Oh, me of little faith. For surely, Bad Afro has done it again, and this time the object of my drooling affection is this absolutely glorious disc by Aussies, The Dolly Rocker Movement. With all the garage and retro-neo-psych I listen to here at the Ripple office, I keep expecting to get burned out, but so far, that hasn’t happened. If anything, charming new releases like this third effort by Sydney’s Dolly Rocker Movement have got me more excited than ever about this scene. TDRM mix some bare-bones framework of T. Rex with a pastiche of swirling organs, chiming guitars, soft looping bass runs, and more hooks than can be found at a hanger factory. Each song on this disc comes across like some tasty treat, some delicious morsel, just waiting for my consumption.
“The Only One,” starts off with it’s amazing wash of retro organ and acoustic guitars. Daniel Poulter has an affecting voice for his songs, laced with glam and drama, bringing forth each moment of emotion and melody. “Sold For Sinners,” drops the glammy vibe back down into the garage with the cum-‘60’s organ washings and the drop dead melody. “A Sound for Two,” is as gentle and pastoral as any of the early Cambridge-prog of the ’60’s with its strains of harpsichord and strings. While “My Heavenly Way,” simply rocks and grooves on it’s oil-stained, do-the-swim beat. Damn, this song is so good, I defy you to play it for any one and not get some butt-swinging in return. Bring out the lava lamps, the hip huggers and the funny little cigarettes. This one’s a keeper.
Don’t think that the genre melding of those previous songs in any way creates a dischordant listen. Far from it. The ability of the band to mine its fertile field of neo-psych pop, while dabbling in the soil of other sounds is one of the things that makes TDRM stand out. Whether it’s the paisley of “Memory Layne” or the T-Rextascy of “The Ecstacy Once Told” TDRM do it all flawlessly, effortlessly. Beautifully.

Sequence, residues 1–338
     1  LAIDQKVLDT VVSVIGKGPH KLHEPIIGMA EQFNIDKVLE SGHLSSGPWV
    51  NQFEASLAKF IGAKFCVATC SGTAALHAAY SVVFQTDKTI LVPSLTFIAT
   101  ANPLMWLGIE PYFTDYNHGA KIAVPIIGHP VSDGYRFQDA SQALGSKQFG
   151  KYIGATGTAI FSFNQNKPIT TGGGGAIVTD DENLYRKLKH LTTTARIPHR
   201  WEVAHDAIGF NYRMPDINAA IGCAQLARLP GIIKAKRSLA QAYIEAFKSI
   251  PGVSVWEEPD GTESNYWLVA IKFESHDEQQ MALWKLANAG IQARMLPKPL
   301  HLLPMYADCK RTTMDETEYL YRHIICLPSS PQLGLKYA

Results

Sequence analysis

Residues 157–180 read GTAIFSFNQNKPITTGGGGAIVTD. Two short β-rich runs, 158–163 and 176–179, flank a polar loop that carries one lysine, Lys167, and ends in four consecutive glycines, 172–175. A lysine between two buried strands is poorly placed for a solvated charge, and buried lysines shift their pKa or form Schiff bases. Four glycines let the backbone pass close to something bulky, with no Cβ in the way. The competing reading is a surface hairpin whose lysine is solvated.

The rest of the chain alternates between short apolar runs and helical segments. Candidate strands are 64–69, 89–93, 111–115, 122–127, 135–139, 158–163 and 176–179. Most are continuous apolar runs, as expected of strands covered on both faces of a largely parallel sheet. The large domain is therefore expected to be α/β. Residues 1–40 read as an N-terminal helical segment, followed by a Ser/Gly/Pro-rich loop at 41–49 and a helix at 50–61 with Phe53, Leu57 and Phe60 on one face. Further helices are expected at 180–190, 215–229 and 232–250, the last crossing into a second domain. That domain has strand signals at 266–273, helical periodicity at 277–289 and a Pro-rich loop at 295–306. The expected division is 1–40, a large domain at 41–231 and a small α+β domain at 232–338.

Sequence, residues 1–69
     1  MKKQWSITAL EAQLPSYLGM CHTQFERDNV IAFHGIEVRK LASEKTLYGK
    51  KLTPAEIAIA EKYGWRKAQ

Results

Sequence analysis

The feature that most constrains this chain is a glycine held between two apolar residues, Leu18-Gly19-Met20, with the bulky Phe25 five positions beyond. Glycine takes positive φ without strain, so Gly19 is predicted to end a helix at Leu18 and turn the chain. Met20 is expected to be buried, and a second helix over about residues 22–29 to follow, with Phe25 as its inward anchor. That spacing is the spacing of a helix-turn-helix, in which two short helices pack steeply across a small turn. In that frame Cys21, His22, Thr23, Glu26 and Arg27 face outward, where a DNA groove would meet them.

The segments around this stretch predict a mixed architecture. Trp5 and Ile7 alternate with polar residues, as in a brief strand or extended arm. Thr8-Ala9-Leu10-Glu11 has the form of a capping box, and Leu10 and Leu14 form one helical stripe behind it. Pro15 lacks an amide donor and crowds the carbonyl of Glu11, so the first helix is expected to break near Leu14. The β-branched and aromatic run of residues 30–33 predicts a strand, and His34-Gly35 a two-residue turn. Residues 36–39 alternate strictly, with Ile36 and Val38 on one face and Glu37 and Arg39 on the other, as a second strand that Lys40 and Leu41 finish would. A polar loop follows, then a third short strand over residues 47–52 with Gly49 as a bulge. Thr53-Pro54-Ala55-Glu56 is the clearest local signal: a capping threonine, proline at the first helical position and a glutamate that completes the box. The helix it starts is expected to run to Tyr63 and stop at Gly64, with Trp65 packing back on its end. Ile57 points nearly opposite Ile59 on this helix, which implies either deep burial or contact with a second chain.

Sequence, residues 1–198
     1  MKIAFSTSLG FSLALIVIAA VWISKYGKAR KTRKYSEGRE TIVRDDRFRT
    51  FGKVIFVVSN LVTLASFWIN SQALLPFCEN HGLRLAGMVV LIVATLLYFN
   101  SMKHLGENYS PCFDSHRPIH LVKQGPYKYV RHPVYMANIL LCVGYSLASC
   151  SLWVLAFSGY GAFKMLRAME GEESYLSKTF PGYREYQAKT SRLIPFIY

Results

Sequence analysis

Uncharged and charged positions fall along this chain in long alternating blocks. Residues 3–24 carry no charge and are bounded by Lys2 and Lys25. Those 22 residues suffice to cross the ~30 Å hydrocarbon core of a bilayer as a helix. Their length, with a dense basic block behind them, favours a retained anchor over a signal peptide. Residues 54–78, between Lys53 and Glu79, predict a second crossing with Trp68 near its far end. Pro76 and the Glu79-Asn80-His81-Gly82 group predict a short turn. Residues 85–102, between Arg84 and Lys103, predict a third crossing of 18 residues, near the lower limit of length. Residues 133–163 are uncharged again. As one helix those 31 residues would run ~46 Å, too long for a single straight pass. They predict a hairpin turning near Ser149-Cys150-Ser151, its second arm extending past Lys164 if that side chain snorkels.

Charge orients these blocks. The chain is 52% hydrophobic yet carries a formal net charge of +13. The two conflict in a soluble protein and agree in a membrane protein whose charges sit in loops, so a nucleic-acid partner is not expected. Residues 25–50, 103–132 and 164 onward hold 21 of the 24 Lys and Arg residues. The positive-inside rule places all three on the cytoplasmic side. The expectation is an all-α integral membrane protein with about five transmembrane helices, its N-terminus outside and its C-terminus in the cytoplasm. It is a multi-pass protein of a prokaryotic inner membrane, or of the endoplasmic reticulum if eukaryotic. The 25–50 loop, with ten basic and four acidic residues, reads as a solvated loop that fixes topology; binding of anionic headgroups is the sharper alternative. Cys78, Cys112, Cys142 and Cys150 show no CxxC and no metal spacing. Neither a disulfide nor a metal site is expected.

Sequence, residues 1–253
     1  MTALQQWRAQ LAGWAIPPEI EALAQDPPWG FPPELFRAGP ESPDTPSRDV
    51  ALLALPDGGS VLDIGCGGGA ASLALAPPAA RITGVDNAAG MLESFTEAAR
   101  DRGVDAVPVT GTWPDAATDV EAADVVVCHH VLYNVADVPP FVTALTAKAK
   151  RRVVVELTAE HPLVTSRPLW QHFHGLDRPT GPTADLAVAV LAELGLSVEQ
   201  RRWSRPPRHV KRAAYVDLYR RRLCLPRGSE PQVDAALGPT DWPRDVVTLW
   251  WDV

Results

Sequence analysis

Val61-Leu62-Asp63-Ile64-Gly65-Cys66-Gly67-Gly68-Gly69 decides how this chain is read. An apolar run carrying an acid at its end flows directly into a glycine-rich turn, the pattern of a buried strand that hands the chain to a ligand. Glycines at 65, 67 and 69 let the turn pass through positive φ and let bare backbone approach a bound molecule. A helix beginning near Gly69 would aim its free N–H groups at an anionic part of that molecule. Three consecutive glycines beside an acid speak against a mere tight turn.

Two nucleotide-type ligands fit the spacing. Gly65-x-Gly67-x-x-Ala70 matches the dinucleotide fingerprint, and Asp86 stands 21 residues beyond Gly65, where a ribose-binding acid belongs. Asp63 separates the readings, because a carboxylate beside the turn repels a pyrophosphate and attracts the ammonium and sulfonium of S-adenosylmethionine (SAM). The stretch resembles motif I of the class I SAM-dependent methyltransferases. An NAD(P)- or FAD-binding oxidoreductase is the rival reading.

Thank you Bad Afro. You’ve done it to me again.
Seaspin – Reverser EP
Other than having a name that made me feel slighty light-headed and in search of a Dramamine, Seaspin were a total unknown to me when the disc was tossed on my desk by our fearless mailman, Sal. Watching Sal licking his fingers after dropping it off should have been a hint that what waited for me was a tasty treat. And tasty it is indeed.
Seaspin conjure up a positively dreamy, smoke-drenched strain of psychedelic dream pop. Imagine Ripple favorites, Apteka, fronted by a woman who’s voice has the ability to send your conscious into flights of erotic hallucinations, and you’ll begin to get the picture. Over these 5 tracks, Seaspin flow over an expanse of dreaminess that varies from the vaguely Janes Addiction-esque churning turmoil of “Love is a Fable” with it’s buzzing guitars, swirling keyboards, and undulating dance beat, to the neo-Cocteau Twins vague lovliness of “Dream Life.” Vocalist Jennifer Goodridge carries both tones with ease, her voice always floating some where just above the music, just above my head, somewhere near my dreams. Meanwhile, guitarist Ronnie Washburn alternates from laying down some surprisingly heavy tones with moments of pure romantic restraint. The sound is lush and layered, incredibly dense, but not claustrophobic. Rather it breathes within it's own textures and rhythms. It is heavy and light all within the same breath.
The biggest problem I had with this disc was the effort it took me to allow the CD changer to move off of “Love is a Fable” to the next track. That song is just so simply perfect, I never wanted it to end. Give me the 15 minute expanded version. Hell, the 30 minute ultra-expanded cut. Loop it for me, let it be a sound track to my day. I’m good.
But move on the CD does and of course the rest of the disc is just as powerful. I’ve already alluded to the gentleness of “Dream Life,” with it’s gorgeous harmony vocals and vague Mamas and Papas-'60's-ish melodies. Then, as beautiful as “Dream Life” was, “Give Yourself” is the anger that follows. The crush of the ending relationship, played out with crunching guitars, swirling harmonies, and manic drumming. “Reverser,” raves with an indy pop sensibility while “The Way You Move,” ebbs and flows with dissonance, groove and noise pop.
Then, if you’re like me, you’ll hit the repeat button and start all over with “Love is a Fable” again.
buy here: Reverser